Are these recommendations supposed to go for all the interface languages like Python, Julia, R, etc.?

Assuming the group in question is the TWG, does that mean (a) packages like bayesplot and shinystan are no longer part of Stan, or (b) that the TWG is not in charge of all of Stan software? I’d be OK with (a), but I don’t like solution (b).

I don’t get this. Aren’t there going to have to be R functions in the R analysis package? And we can use the math library, just not compile against it dyanmically, right?

I think we’d eventually want multivariate anaysis, but we can cross that bridge when we come to it.

What’s a StanFit object? You mean the heavyweight thing in R right now?

How does this account for optimization, variational inference, and autodiff checks, the other three things we can do with models?

I don’t think that’ll fly with CRAN. BH, StanHeaders, etc., are separate rather than packaged with RStan.

Can’t they just remain separate so that the analyze methods aren’t on a fit object, but on a lightweight representation of the chains from a fit object? And won’t we want the analysis package to be able to deal with all the parameters in a model at once? Otherwise, it’s not going to be very useful to people if they have to manually loop over everything all the time to call it.

I don’t think main means anything to anyone. And I don’t think it needs to be plural. How about num_warmup_iter and num_sampling_iter?

I don’t think update_interval will be clear on its own—it sounds like something controlling sampling. Was there a name kicked around that made it clear this is just text output? Maybe something even more explicit like console_update_interval? I like the interval part, though it could also be period.

I like all these (and thing target should match the name in the Stan code). lp_accum should definitely be hidden from users.

I’m OK with this, though I believe how most people control RStan (including me) is simply upping the total iterations and letting everyting else default.

I like this idea good idea. But I think it’ll be easier to read with the suffix _free, which is shorter, and will still let people scan easily by variable. But then if we alphabetize, it’ll come out the same way either way.

I think that’s a good idea. I think we may just get rid of jitter inside the algorithms, too. Something like jitter would be necessary for static HMC to generically avoid bad orbital periods, but we don’t need it for NUTS.

Where folks here are C++ programmers.

As I’ve said umpteen times, I really dislike this pattern of building up an inconsistent object like model over time. But then I can just wrap all this up in an interface I like for my own work the way Andrew does for all the R stuff he doesn’t like.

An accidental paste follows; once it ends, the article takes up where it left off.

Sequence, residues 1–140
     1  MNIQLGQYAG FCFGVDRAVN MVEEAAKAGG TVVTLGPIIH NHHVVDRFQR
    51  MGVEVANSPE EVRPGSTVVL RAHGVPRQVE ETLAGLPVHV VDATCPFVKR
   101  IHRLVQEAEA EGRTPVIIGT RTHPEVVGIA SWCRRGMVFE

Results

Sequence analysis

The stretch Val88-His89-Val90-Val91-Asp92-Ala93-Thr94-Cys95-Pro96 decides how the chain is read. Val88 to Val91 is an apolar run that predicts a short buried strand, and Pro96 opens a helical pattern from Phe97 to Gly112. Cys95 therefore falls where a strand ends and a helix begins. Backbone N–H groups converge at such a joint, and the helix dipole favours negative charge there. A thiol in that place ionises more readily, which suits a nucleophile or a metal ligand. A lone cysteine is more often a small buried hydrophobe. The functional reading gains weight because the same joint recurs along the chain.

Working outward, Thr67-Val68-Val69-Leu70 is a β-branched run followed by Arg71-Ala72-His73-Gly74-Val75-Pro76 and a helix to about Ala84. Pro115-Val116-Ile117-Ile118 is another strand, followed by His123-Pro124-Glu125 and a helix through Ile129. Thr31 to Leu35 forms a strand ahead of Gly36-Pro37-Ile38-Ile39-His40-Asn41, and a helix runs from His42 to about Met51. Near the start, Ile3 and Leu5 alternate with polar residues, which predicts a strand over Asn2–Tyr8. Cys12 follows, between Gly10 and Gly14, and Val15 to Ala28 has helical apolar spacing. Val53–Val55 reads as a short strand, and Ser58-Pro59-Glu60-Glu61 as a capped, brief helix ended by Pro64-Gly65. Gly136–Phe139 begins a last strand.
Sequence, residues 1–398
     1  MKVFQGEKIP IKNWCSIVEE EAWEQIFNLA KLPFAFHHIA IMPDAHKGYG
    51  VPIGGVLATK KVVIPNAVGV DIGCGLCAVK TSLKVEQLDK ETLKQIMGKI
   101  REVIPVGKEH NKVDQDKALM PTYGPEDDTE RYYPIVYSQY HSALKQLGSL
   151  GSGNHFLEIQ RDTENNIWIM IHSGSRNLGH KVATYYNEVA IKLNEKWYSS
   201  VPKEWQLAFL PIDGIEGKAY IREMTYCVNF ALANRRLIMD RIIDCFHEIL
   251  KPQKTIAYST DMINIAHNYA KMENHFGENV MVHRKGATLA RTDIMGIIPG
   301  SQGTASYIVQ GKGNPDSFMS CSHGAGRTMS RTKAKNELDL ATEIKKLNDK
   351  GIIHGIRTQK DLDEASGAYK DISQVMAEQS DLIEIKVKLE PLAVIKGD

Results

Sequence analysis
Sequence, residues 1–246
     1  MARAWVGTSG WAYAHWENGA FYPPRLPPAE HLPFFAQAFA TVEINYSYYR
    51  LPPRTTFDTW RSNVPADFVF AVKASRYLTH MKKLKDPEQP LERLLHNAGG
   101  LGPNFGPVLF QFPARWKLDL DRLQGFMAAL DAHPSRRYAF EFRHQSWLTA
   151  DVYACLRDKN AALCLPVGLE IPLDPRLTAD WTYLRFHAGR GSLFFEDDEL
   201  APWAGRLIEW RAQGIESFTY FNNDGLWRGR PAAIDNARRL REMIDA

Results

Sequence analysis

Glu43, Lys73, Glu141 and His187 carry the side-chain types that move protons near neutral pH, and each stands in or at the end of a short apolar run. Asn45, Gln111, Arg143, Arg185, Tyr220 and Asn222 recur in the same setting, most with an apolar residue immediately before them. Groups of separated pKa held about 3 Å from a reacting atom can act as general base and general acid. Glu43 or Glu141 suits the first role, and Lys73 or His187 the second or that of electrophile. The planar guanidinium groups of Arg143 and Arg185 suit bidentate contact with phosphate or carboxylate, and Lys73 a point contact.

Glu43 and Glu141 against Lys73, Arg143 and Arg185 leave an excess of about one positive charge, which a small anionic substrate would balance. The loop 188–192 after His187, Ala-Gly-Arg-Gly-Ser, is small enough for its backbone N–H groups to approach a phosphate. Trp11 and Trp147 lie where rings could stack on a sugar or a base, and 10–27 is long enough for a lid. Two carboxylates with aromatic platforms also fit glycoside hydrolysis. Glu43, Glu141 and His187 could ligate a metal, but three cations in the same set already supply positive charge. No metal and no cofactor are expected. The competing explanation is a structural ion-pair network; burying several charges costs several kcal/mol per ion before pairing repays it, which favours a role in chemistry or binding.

I also don’t like generate_quantities as a verb, as it just looks like a typo to me. I don’t have a verb as an alternative and we can hardly say generate_generated_quanties, can we?

What’s it supposed to do? I would prefer if the sampling routines just returned whatever this does directly.

What does “formally recognize” mean in this context? I objected to this. How are we supposed to build the lightweight winterfaces?

Command-line interface, I take it?

I want a lightweight interface that does what CmdStan does now without having to fiddle with ports, etc.

Most of this list is motivating a way to run Stan outside of the R and Python process. It doesn’t require a server to do any of these first four bullets. Using CmdStan out-of-process satisfies all of these goals.

What’s a service endpoint? How does it have a subcalss? What’s “DiagnosticStat”? I’m getting a bit lost in the jargon.

I also don’t undersand the compute, check and format distinction. Examples go a long way toward clarifying this kind of thing.

Running out of steam here. I’ll pick up next time with Model Class Augmentations.

How should interfaces handle parameter / posterior shapes? Should we follow common use cases in different languages or be more strict and follow Stan shape.

Currently there are no difference with the following posterior shapes in PyStan: real x/ vector[1] x/real x[1] (x.shape == (draws,)).

Also, is Stanc3 going to output dtype, so users would not need to scape stancode / cppcode?

It wasn’t - I avoided using that word because it’s a little ill-defined at the moment.

I’m going to take the other clarifying questions and ideas and work them into the draft rather than responding to them here. I think a lot of the very specific names &c are the result of a lot of discussion from 5 interface tech leads and the services lead, so they should be considered pretty unlikely to change at this point unless there are specific new and compelling proposals none of us thought of (which could totally be the case! if anyone has something please propose away with some argumentation as to why it makes more sense and we’ll definitely listen).